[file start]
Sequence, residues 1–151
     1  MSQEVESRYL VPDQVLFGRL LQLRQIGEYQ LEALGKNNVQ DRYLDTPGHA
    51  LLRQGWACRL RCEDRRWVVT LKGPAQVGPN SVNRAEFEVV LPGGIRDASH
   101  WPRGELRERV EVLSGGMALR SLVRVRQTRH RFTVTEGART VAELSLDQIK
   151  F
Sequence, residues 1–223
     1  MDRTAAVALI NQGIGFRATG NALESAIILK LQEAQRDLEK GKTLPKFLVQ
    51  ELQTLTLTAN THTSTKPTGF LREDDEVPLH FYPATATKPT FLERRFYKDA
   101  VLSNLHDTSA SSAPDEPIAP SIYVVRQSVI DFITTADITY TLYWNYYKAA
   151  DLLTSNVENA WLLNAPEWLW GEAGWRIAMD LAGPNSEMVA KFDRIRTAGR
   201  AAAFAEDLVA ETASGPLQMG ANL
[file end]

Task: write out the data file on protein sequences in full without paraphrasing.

Sequence, residues 1–151
     1  MSQEVESRYL VPDQVLFGRL LQLRQIGEYQ LEALGKNNVQ DRYLDTPGHA
    51  LLRQGWACRL RCEDRRWVVT LKGPAQVGPN SVNRAEFEVV LPGGIRDASH
   101  WPRGELRERV EVLSGGMALR SLVRVRQTRH RFTVTEGART VAELSLDQIK
   151  F
Sequence, residues 1–223
     1  MDRTAAVALI NQGIGFRATG NALESAIILK LQEAQRDLEK GKTLPKFLVQ
    51  ELQTLTLTAN THTSTKPTGF LREDDEVPLH FYPATATKPT FLERRFYKDA
   101  VLSNLHDTSA SSAPDEPIAP SIYVVRQSVI DFITTADITY TLYWNYYKAA
   151  DLLTSNVENA WLLNAPEWLW GEAGWRIAMD LAGPNSEMVA KFDRIRTAGR
   201  AAAFAEDLVA ETASGPLQMG ANL